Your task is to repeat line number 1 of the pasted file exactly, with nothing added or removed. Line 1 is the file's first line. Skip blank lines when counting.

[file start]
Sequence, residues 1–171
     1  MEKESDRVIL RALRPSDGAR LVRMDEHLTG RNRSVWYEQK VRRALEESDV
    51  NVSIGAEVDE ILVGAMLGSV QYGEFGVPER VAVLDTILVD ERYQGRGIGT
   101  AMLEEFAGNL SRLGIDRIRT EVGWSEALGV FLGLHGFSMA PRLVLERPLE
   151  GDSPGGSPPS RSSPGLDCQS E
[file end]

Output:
Sequence, residues 1–171